Readers' Favorite

October 11, 2023

Songs of Irie by Asha Ashanti Bromfield ~ a Review

by MK French

In 1976 Jamaica, warring political parties widened the divide between rich and poor. Irie is from the rough parts of Kingston, while Jilly lives comfortably up in the hills. The two bond over reggae, exposing them to different viewpoints. They also have a budding romance, but their future options are very different: while Irie can only fight against the growing tension in her neighborhood, Jilly can easily escape. How can their bond survive?

Amazon affiliate links are used on this site. A free book was provided for an honest review.

book cover of young adult novel Songs of Irie b Asha Ashanti Bromfield
October 2023; Wednesday Books; 978-1250846808
audio, ebook, print (400 pages); young adult

Asha had written Hurricane Summer, where Tilla goes to Jamaica with the father she never really spent time with. This novel goes back in time, so there's even more regarding class, color, and gender roles for the girls to deal with. Once the British were expelled from Jamaica in 1962, there wasn't any agreement on how the country should be run, so two cousins formed two different political parties. Their division is in effect in 1976, as the remnants of class divisions are still present but trying to be broken down. Expensive school fees kept the poor in their own neighborhoods and away from opportunities, and gangs were common in the streets. The turf wars rarely hit the rich neighborhoods, unfortunately. We see that contrast right away. On the same day of high school graduation, a drive-by leaves people dead outside Irie's family record shop, and Jilly is at home getting fitted for a dress that would let her parents show off at a dinner party and fix her up with another politician's son. Both are expected to follow their parents' needs and to stay within the confines of their class, and we see how much more they want from their lives.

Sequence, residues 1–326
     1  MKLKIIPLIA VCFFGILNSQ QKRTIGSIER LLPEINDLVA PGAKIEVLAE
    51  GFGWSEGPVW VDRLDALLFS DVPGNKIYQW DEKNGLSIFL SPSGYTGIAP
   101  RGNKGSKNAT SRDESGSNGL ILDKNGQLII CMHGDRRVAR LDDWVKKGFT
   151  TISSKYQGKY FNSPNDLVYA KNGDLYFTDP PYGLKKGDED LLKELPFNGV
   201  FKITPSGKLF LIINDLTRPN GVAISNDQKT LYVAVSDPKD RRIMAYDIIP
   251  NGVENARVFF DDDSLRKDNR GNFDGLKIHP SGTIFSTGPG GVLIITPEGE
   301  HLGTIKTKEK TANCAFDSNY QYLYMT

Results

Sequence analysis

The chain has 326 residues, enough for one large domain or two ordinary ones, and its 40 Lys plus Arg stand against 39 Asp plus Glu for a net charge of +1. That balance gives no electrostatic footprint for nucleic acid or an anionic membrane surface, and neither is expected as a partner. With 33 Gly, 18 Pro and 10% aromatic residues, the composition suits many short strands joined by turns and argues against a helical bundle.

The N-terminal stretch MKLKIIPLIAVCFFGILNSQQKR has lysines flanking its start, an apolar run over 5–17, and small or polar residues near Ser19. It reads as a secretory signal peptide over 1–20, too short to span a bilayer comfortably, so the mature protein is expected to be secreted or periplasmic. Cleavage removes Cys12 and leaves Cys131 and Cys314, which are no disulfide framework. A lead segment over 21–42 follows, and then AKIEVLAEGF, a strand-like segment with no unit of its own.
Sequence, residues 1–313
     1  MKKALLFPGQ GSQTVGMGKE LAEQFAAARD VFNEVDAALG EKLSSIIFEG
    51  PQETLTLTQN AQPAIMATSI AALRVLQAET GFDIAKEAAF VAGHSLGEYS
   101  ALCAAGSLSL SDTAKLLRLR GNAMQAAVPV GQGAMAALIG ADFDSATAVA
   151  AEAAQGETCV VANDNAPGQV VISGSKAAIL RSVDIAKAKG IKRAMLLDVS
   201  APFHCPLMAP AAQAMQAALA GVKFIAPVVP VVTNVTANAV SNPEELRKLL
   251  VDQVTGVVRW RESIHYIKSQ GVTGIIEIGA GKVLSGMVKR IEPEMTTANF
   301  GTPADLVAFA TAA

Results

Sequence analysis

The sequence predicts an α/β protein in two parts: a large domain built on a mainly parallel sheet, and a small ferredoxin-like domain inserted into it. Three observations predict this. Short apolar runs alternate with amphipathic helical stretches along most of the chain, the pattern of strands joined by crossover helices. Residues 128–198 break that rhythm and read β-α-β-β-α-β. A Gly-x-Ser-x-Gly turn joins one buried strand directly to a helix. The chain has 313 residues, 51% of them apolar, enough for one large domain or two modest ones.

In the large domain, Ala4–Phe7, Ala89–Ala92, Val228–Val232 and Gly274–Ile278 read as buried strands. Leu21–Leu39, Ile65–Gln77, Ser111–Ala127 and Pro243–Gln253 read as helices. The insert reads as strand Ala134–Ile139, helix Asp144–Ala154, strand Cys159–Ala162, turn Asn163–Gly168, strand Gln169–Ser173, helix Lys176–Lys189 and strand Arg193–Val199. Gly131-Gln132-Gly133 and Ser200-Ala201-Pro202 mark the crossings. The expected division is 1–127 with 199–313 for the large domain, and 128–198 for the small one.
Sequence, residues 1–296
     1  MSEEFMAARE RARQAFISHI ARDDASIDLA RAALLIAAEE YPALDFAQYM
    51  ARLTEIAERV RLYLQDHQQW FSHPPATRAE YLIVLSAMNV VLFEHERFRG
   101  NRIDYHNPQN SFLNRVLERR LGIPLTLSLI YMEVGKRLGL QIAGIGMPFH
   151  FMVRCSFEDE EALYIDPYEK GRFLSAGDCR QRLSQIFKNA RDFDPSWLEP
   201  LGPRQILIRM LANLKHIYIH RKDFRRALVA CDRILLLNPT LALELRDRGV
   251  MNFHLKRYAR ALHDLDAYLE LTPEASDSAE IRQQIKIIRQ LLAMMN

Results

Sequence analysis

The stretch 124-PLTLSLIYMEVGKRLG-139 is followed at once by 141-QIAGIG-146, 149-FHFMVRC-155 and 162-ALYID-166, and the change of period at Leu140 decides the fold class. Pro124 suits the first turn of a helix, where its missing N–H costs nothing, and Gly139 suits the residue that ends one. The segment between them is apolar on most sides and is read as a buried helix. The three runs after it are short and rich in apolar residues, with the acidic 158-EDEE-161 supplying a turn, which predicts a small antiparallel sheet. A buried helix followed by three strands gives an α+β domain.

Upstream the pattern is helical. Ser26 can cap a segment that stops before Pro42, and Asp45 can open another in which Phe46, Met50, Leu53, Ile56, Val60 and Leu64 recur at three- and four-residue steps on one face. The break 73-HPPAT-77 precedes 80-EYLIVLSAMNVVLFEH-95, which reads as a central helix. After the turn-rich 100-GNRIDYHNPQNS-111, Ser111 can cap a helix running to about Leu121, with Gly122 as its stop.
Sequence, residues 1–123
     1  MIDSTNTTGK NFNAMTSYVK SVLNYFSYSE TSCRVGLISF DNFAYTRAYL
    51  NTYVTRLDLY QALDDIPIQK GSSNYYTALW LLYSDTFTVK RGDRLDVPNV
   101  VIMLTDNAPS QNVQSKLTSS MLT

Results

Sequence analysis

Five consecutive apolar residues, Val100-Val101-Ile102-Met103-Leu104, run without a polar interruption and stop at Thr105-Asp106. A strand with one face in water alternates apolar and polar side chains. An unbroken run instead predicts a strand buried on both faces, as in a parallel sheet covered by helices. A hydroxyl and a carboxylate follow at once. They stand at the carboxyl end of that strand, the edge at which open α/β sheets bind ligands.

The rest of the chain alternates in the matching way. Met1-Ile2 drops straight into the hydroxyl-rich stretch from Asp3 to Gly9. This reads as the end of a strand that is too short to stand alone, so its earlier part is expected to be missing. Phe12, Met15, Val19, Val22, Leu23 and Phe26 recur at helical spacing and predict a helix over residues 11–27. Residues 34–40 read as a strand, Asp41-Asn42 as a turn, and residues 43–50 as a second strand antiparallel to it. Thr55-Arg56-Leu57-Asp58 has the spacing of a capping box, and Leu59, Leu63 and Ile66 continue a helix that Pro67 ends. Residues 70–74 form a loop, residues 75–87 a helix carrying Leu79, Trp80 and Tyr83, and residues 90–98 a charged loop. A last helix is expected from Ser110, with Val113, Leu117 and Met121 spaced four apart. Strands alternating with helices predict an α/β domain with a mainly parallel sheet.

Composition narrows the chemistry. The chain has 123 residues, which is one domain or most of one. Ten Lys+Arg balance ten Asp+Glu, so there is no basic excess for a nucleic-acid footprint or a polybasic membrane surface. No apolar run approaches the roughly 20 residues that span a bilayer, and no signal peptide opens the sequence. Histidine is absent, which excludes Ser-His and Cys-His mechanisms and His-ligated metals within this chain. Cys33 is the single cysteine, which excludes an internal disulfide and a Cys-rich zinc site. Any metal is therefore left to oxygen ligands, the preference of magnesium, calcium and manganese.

Irie and Jilly connected via music, but their lives are very different. We see what it's like in the ghetto and the rich neighborhoods, and of course, the rich want to protect their own and keep the power in place. Even the girls themselves didn't initially realize how different their lives were, or how the values of their parents in some ways were very different as well. As Irie and Jilly spend time together over the summer, politics rears its very ugly head. The politicians don't care who they manipulate or what they have to do to get their way, and the gangs don't care who they threaten. This takes its toll on the friendship and maybe more that could have developed, and the night of the election is the most dangerous one of all. Through Irie and Jilly, we see firsthand how fraught the lives of the people were in that period, and what freedom meant to the people of Jamaica. It's an elegy to Jamaica of the 70's, well written and ready to rip out your heart.

Buy Songs of Irie at Amazon

Born and raised in New York City, M.K. French started writing stories when very young, dreaming of different worlds and places to visit. She always had an interest in folklore, fairy tales, and the macabre, which has definitely influenced her work. She currently lives in the Midwest with her husband, three young children, and a golden retriever.

Enjoyed this post? Never miss out on future posts by following us. Get even more book news in your inbox, sign up for our newsletter today! Or Follow Girl Who Reads with Bloglovin. Girl Who Reads is an Amazon advertising affiliate; a small commission is earned when purchases are made at Amazon using any Amazon links on this site. Thank you for supporting Girl Who Reads.


Post a Comment